Are you wondering about your digital footprint? If you are reading this, you have one! Anytime you are online you leave a digital footprint. The bigger your 'presence" the bigger the footprint. If you are concerned about your presence online there are ways to protect your privacy.
I'll start with the two most popular places you leave a digital footprint and links to explain what you can do:
As we celebrated Earth Day yesterday, I began to reflect upon my own digital footprint. What footprints have I left behind? How do these digital footprints affect the environment?
Let's move forward with two things you need to know about your digital footprint:
1. The bigger the digital footprint also means the more energy being exerted. Mother Earth needs our help to conserve energy. Here are some ways you can do so with regards to your digital footprint:
- Switch to the cloud. Encourage your workplace to consider storing digital assets in the “cloud”. Many data centers who have sophisticated cooling technology, are better able to match server capacity with demand and increasingly make use of renewable sources of energy. Organizations under 100 users, especially, could cut their IT carbon emissions 90% by switching to the cloud.
- Choose efficient devices. According to the NRDC, much of the energy used in computing comes not from distant data centers, but from the devices we use every day. Efficient computers can use up to 80% less energy than their thirsty counterparts.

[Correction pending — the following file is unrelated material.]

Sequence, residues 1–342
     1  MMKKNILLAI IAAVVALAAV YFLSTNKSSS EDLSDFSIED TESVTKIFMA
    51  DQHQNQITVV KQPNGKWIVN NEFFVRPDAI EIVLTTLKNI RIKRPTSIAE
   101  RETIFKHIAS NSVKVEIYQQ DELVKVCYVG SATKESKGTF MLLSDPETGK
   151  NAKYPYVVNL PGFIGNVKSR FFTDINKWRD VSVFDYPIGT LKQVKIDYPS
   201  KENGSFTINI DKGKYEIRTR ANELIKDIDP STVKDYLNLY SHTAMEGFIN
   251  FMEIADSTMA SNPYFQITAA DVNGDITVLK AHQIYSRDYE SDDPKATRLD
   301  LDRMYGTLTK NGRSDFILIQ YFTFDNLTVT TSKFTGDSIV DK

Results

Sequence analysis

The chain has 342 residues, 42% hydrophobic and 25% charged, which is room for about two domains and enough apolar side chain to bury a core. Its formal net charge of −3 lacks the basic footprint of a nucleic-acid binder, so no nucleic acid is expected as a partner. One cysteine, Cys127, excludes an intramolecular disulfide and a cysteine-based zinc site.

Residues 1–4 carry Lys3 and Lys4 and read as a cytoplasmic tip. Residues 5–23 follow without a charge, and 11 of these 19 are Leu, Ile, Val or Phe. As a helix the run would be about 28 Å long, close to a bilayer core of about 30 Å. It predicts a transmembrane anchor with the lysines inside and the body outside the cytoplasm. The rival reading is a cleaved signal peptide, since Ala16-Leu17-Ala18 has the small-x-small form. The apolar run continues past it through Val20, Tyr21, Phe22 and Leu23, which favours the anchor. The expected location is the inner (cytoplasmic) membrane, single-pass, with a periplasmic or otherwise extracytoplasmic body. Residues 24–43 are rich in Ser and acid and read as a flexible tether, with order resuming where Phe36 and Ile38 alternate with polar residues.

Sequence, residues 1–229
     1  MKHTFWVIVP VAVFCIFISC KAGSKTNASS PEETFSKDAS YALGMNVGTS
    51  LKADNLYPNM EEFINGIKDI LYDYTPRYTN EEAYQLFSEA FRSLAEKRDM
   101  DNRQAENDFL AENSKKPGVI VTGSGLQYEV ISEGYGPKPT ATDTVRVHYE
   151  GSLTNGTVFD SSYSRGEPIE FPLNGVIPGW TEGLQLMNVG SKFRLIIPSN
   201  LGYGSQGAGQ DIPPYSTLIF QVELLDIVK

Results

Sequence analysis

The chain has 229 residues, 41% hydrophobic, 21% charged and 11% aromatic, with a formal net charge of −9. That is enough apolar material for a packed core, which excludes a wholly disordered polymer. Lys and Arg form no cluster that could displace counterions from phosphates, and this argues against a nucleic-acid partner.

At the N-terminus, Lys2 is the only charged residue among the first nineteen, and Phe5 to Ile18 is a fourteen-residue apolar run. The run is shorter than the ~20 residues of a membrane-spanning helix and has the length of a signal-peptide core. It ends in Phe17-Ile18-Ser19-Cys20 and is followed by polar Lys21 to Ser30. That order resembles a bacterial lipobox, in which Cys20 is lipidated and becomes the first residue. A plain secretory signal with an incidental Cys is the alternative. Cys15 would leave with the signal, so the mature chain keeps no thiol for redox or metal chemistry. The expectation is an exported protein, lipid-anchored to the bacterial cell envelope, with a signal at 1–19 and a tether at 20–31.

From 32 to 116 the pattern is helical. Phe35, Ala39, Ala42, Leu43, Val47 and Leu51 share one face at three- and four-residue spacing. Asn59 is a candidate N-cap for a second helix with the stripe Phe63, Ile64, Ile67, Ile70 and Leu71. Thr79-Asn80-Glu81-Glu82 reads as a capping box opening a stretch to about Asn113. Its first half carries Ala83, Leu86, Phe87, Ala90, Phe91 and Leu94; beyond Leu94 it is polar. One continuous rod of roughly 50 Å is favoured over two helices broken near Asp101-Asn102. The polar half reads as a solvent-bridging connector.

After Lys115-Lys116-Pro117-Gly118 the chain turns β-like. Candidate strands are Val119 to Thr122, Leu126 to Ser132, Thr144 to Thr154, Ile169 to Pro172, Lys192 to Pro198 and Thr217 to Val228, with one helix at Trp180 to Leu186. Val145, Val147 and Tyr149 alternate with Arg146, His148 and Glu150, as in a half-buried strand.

- Check your power settings. Ensuring your computer automatically shuts down when not in use is the single biggest energy saving opportunity on most computers. Also double clicking on your iPad then closing out those apps you have opened saves energy!
- Donate or recycle electronics. Much energy is expended producing and shipping electronic devices, so it’s vital to get as much “mileage” out of them as possible. Reusing electronics also keeps harmful metals and plastics from reaching landfills.
2. Think about the future generation. Educate those digital natives about their digital footprints. Their shoe size is already bigger than their parents!
Many children have their pre-birth scans uploaded to the Internet by their parents – files that can be megabytes in size. Proud parents (and family members) love to post pics and digital accolades about their cherished offspring and relatives. Seventy per cent of mothers said the ability to upload and share these pictures with family and friends was the motivation for posting information of their children online.(source)